Though we tend to exist in peace, love, and harmony, every now and then the TOM staff vehemently disagrees with one another on a wrestling issue. The two-piece uniform approved as an alternate by the National Federation of State High School Associations (NFHS) has sparked debate throughout the wrestling community and within TOM as well. Today, our editor in charge of day-to-day operations, Alex Steen, takes on the site’s founder and managing editor, Eric John, debating the merits of this decision.
Alex: The announcement that two piece uniforms will be allowed at the high school level is a common sense step forward that eliminates a barrier to entry for some potential wrestlers, adds marketing potential, and more closely aligns us with other combat sports. Introducing it as an option and still allowing singlets is the right move, giving those who believe in this change the freedom to implement it while those who prefer to stick with the singlet can do so. I believe that long term, the two piece uniform will prove to be preferred and we will gradually see the end of the singlet era.
Eric: The idea that they are offering both options seems reasonable and pragmatic. Will it win out? Maybe, maybe not. As to singlets being a “barrier” to entry, I somewhat disagree. Could this be the case for a small number of people? Sure, without a large sampling of data on the issue, it would be logical to assume it is one possible barrier. It seems like a low hanging fruit type of solution to help grow wrestling. Let’s blame the “uniform” really makes little sense to me. Also, I would like to hear the pros and cons of such a change. Getting fingers caught in shirts or loose fitting shorts is never fun and shirts that ride up creating a slicker (as in slippery) opponent does not sound like a great deal either. As for making wrestlers look like NASCAR’s, I think I may also want to pass on that, especially at the lower levels.
Alex: I don’t know what you practiced in when you were wrestling, but every room I’ve ever been in featured wrestlers in t-shirts and shorts. If loose fitting shirts and shorts are such a danger we should probably be practicing in singlets too. No one does that because it just doesn’t cause that much of a problem. In addition, the shirts proposed would be tight fitting anyway. As for the pros and cons of such a change, it seems like we’ve been having that debate for the last 10 years. How long should we talk about it before we take action?
Eric: Fair point on practice and I would have to agree. I did dislocate my fingers on numerous occasions in practice, so from my personal experience yes it is an issue. With that said how is a tight shirt any different than a singlet? Maybe you have been involved in the debate for that long, but for me, I have never had an issue wearing a singlet or anyone else wearing one. Matter of fact you are the first wrestler I personally know who has an issue wearing a singlet. That does not mean I am right and you are wrong, it just means I have never run into a teammate that had an issue.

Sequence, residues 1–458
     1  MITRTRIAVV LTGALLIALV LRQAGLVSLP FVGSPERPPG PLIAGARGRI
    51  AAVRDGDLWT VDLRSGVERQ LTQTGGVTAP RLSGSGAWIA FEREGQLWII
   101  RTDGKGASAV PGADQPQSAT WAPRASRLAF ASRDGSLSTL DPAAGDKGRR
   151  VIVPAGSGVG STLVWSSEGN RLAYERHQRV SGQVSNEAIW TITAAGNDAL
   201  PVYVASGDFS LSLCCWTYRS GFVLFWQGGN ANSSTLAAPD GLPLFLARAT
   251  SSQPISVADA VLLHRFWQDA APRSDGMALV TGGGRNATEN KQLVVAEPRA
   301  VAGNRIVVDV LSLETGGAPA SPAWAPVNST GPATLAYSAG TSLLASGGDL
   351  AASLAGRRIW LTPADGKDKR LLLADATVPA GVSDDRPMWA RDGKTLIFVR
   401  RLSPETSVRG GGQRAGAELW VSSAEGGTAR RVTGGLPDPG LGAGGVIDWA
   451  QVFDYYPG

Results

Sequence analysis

Alex: In a sport which struggles to attract and retain athletes, we need to do anything we can to make new athletes comfortable and eliminate excuses as to why someone might not be willing to try wrestling. While the exact number of potential wrestlers who won’t try the sport because of the singlet is impossible to know, it is a number above zero. We cannot afford to have an easily fixable problem keeping our numbers down. This change should immediately be followed by a rule allowing individuals on the same team in the same competition to choose a singlet or a two-piece uniform based on individual preference. This would further eliminate the entry barrier for those that hate the singlet and prevent entire teams from having to change immediately to accommodate new athletes. The wrestling uniform has changed throughout history and it will change again. There is no positive to resisting that change and there are gains to be made by adding options.
Eric: As stated, I really do not support this argument. In making the case for the change, I feel this is the weakest one. Also, wrestling often focuses on things such as uniforms as solutions to the sport’s problems. Sure, let’s change the uniform, and just maybe we get one more kid to come out for a team. Is this a good thing? Sure one more wrestler is one more wrestler. With that said, it makes such an insignificant dent in the problem, I feel as if it not the best use of our time. Fixing a broken and confusing scoring system may have a much bigger impact, or maybe not.
Alex: Is there an idea or proposed change on the table that we didn’t implement because we were so busy talking about the uniform? This is a classic case of letting perfect be the enemy of good. The uniform change is not a silver bullet, but it is a step in the right direction. It does nothing to prevent other changes from being made and, if anything, you should be happy it is out of the way now so that we can get on to all these other, more important discussions.
Eric: There are tons of proposals we have not addressed. It’s a fault of our sport, change is like the ice age. You believe it is a step in the right direction which I can respect. I just feel it is more like marching in place.